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Graphic Storytelling and Visual Narrative (Will Eisner Instructional Books) Paperback – August 17, 2008


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Graphic Storytelling and Visual Narrative (Will Eisner Instructional Books) + Comics and Sequential Art: Principles and Practices from the Legendary Cartoonist (Will Eisner Instructional Books) + Expressive Anatomy for Comics and Narrative: Principles and Practices from the Legendary Cartoonist (Will Eisner Instructional Books)
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Product Details

  • Series: Will Eisner Instructional Books
  • Paperback: 192 pages
  • Publisher: W. W. Norton & Company (August 17, 2008)
  • Language: English
  • ISBN-10: 039333127X
  • ISBN-13: 978-0393331271
  • Product Dimensions: 9.9 x 8 x 0.5 inches
  • Shipping Weight: 1.1 pounds (View shipping rates and policies)
  • Average Customer Review: 4.7 out of 5 stars  See all reviews (23 customer reviews)
  • Amazon Best Sellers Rank: #43,967 in Books (See Top 100 in Books)

Editorial Reviews

Review

“Indispensable techniques from the mind of the master cartoonist who developed them.” (Jeff Smith, award-winning creator of Bone)

“Will Eisner is the father of the medium—a living legend who started it all. I am continually in awe. He makes me proud to be a cartoonist.” (Judd Winick, award-winning creator of Pedro and Me and writer for Green Lantern)

About the Author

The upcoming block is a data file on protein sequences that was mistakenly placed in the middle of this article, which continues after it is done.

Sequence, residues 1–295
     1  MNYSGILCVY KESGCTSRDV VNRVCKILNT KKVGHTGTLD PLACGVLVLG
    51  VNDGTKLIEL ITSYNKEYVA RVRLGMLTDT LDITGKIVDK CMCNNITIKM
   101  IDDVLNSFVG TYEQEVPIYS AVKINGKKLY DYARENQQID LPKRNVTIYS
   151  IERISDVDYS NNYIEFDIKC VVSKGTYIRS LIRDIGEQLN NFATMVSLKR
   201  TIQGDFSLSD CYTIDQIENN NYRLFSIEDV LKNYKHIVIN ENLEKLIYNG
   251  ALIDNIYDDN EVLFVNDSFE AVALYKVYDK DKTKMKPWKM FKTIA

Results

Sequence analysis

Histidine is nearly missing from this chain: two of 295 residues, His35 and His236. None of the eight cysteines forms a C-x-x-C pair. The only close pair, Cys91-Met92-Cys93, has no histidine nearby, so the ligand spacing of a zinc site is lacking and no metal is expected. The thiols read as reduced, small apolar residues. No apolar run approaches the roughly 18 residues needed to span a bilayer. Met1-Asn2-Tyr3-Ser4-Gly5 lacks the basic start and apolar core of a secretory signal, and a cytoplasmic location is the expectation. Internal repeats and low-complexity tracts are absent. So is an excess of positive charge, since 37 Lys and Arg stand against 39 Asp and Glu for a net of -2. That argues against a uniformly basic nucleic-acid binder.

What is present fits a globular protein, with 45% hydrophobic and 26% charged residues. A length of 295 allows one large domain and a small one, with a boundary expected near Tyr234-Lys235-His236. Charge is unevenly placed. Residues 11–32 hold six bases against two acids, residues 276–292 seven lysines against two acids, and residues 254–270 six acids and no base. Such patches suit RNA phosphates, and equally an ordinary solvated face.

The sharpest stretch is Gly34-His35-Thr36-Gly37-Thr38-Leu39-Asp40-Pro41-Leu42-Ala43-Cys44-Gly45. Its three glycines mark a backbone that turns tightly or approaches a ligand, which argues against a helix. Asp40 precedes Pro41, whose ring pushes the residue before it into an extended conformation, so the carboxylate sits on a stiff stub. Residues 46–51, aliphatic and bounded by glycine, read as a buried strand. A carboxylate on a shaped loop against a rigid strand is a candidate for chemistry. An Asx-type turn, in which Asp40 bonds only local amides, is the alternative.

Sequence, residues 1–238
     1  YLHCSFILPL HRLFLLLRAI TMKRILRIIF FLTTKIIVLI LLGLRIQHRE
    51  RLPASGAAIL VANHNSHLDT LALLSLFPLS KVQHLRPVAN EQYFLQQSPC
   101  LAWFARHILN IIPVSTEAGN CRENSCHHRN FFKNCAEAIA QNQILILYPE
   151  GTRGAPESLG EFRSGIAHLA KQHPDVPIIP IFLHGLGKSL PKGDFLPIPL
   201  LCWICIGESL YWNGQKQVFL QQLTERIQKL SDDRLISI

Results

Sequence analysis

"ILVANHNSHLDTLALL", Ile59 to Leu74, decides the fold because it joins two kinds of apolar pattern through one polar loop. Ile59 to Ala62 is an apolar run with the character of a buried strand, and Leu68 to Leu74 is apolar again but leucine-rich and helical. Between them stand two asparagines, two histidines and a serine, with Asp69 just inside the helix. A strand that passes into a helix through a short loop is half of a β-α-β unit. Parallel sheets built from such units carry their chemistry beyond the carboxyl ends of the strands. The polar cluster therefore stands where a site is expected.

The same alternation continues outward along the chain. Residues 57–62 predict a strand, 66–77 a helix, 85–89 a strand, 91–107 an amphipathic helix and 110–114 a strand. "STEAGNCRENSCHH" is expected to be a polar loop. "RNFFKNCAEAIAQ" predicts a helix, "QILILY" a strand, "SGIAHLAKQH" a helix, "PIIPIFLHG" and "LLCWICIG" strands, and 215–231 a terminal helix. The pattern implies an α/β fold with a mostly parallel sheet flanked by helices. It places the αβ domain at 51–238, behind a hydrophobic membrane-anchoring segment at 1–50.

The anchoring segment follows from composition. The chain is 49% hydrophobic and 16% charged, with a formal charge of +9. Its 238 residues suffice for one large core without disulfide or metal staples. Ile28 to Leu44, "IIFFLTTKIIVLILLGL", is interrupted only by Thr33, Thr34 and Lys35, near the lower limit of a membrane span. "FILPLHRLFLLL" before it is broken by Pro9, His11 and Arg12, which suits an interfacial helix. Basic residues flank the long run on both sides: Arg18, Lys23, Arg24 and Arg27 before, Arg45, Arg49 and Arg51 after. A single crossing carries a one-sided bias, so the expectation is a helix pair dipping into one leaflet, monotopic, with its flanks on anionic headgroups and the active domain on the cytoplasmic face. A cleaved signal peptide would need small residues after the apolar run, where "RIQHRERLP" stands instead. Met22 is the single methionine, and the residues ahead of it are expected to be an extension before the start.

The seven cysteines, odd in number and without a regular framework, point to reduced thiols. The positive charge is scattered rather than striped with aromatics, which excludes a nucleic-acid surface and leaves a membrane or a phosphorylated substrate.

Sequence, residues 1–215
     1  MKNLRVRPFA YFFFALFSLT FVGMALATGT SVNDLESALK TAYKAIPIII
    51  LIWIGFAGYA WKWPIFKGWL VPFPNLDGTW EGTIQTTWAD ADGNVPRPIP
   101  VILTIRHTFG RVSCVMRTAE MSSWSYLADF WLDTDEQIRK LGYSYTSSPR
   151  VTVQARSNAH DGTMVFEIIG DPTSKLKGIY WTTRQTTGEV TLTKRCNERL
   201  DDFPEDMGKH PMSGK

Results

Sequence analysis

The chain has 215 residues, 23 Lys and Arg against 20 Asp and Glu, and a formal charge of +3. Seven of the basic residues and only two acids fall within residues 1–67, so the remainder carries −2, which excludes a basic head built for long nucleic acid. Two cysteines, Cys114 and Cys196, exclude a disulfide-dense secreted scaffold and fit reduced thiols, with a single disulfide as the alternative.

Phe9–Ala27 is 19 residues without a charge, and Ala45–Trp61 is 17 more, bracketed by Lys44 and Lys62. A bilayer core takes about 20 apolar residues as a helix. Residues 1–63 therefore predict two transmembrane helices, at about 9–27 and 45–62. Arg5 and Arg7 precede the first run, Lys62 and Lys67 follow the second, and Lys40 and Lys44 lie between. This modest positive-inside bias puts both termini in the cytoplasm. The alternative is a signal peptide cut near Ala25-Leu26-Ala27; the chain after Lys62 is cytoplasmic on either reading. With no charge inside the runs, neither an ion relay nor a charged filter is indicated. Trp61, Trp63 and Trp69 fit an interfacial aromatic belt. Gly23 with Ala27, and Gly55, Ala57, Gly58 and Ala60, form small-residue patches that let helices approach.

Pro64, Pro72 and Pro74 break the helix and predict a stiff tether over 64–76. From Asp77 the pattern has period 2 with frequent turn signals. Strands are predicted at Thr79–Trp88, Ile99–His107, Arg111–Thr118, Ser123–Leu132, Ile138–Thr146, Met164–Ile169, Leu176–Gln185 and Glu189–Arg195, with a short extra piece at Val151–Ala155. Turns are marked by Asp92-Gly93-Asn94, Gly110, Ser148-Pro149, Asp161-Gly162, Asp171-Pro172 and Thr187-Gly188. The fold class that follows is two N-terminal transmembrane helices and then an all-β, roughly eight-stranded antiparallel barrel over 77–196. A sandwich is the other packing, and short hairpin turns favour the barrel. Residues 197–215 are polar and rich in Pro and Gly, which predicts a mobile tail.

Will Eisner was born William Erwin Eisner on March 6, 1917 in Brooklyn, New York. By the time of his death on January 3, 2005, Will Eisner was recognized internationally as one of the giants in the field of sequential art, a term he coined. In a career that spanned nearly eight decades—from the dawn of the comic book to the advent of digital comics—Will Eisner was truly the 'Orson Welles of comics' and the 'father of the Graphic Novel'. He broke new ground in the development of visual narrative and the language of comics and was the creator of The Spirit, John Law, Lady Luck, Mr. Mystic, Uncle Sam, Blackhawk, Sheena and countless others. During World War II, Will Eisner used the comic format to develop training and equipment maintenance manuals for the US Army. After the war this continued as the Army's P.S. Magazine, which is still being produced today. Will Eisner taught Sequential Arts at the New York School of Visual Arts. The textbooks that he wrote based on his course are still bestsellers. In 1978, Will Eisner wrote A Contract with God, the first modern graphic novel. This was followed by almost 20 additional graphic novels over the following 25 years. The "Oscars" of the Comic Industry are called The Eisner Awards, and named after Will Eisner. The Eisners are presented annually before a packed ballroom at Comic-Con International in San Diego, America's largest comics convention. Wizard magazine named Eisner "the most influential comic artist of all time." Michael Chabon's Pulitzer-prize winning novel The Adventures of Kavalier and Clay is based in good part on Eisner. In 2002, Eisner received a Lifetime Achievement Award from the National Federation for Jewish Culture, only the second such honor in the organization's history, presented by Pulitzer Prize-winning cartoonist Art Spiegelman.